CMarkup GetDocFormatted Method

const MCD_STR& CMarkup::GetDocFormatted( int nFormatFlags = 0 ) const;

CMarkup Developer License

GetDocFormatted is only in CMarkup Developer and the free XML editor  FOAL C++ scripting.

The GetDocFormatted method can be used at any time to return a formatted copy of the full document as a string. For example:

CMarkup xml;
xml.SetDoc( "<root><msg>Hello World</msg></root>" );
str sXML = xml.GetDocFormatted( 2 );

Returns the following text (syntax coloring is only for illustration):

  <msg>Hello World</msg>

The document and current position are not affected by this call. It is generally used after creating or modifying the document when it is time to transport or save the document. Unlike GetDoc which can return immediately with the document string as it is stored in the CMarkup object, the GetDocFormatted method must process the document to format it, but this is high performance (many megabytes per second).

Update February 5, 2011: With release 11.4, the space between an attribute name and value is formatted (previously it was untouched). Also, there are improvements in speed and memory efficiency.

Use the nFormatFlags argument to specify indentation as follows:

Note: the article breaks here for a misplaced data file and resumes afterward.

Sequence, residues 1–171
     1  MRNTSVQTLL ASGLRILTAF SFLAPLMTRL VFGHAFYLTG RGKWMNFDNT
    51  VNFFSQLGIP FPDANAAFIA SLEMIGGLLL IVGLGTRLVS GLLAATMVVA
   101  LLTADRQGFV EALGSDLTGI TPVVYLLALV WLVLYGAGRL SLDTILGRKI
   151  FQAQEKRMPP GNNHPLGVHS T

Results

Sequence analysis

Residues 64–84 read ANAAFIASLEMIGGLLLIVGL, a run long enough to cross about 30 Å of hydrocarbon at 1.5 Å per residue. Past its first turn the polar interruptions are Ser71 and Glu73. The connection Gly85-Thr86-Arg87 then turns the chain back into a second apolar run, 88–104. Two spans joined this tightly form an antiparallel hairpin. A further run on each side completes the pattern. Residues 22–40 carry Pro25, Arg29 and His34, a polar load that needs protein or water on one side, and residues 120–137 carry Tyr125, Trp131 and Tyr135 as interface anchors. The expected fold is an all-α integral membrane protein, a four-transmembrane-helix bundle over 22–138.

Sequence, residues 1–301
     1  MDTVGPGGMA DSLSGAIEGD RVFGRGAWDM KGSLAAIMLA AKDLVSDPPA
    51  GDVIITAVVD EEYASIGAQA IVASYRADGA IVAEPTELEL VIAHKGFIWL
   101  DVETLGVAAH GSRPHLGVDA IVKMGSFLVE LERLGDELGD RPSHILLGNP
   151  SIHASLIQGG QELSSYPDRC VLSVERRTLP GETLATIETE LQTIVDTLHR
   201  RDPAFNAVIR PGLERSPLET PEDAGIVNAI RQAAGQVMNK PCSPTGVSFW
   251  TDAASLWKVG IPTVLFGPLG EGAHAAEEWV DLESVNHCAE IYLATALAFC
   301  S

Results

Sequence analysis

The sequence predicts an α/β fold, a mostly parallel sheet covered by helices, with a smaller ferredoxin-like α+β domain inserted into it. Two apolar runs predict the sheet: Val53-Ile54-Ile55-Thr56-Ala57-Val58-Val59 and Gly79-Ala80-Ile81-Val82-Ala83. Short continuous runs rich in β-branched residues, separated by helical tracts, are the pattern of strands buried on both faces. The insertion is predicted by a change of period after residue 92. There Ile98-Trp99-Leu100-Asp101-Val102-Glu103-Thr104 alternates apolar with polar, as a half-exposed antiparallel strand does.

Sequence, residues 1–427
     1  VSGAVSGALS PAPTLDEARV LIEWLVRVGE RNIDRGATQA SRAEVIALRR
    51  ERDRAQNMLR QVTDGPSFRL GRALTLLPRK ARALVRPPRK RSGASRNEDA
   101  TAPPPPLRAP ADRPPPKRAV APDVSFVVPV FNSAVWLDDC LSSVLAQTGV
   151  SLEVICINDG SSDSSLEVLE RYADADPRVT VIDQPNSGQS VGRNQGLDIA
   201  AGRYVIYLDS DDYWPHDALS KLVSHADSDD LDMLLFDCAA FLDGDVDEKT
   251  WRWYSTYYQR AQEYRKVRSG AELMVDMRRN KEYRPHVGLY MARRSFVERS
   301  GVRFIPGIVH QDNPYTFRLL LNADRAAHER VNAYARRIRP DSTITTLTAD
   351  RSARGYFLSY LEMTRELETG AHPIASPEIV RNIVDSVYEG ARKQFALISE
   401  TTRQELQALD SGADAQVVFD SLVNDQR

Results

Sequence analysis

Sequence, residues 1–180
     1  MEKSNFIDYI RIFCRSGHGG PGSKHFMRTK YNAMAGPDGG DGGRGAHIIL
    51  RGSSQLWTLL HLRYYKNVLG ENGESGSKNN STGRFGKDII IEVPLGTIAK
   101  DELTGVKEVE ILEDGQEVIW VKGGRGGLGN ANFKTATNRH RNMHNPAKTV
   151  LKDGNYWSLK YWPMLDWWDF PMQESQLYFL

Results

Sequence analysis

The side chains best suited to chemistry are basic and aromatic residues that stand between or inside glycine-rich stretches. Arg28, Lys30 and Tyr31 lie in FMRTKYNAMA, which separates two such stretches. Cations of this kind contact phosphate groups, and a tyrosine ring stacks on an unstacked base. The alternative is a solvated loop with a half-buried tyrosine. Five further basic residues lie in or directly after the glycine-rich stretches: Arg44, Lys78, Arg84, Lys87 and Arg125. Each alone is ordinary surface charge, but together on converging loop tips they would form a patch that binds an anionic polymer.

0 or unspecifiedalign at left
2indent with 2 spaces
4indent with 4 spaces
17indent with 1 tab

If you want to actually change the document object to contain the formatted text, you must parse the formatted result remembering that this will lose the current position and any saved positions in the CMarkup object.

xml.SetDoc( xml.GetFormattedDoc(17) );

Mixed content

The format process can only modify whitespace (spaces, returns, newlines and tabs) deemed to be insignificant, so to be formatted all the sibling elements must be separated by whitespace only.

It is not intended for HTML or XML documents with mixed content. The contents of elements containing a mix of elements and text (as in HTML paragraphs) will usually be left untouched. However, you can have an HTML paragraph that looks like two discrete elements:


The format process would separate the em and strong elements onto separate lines causing them to appear as separate words instead of one word when the HTML is rendered.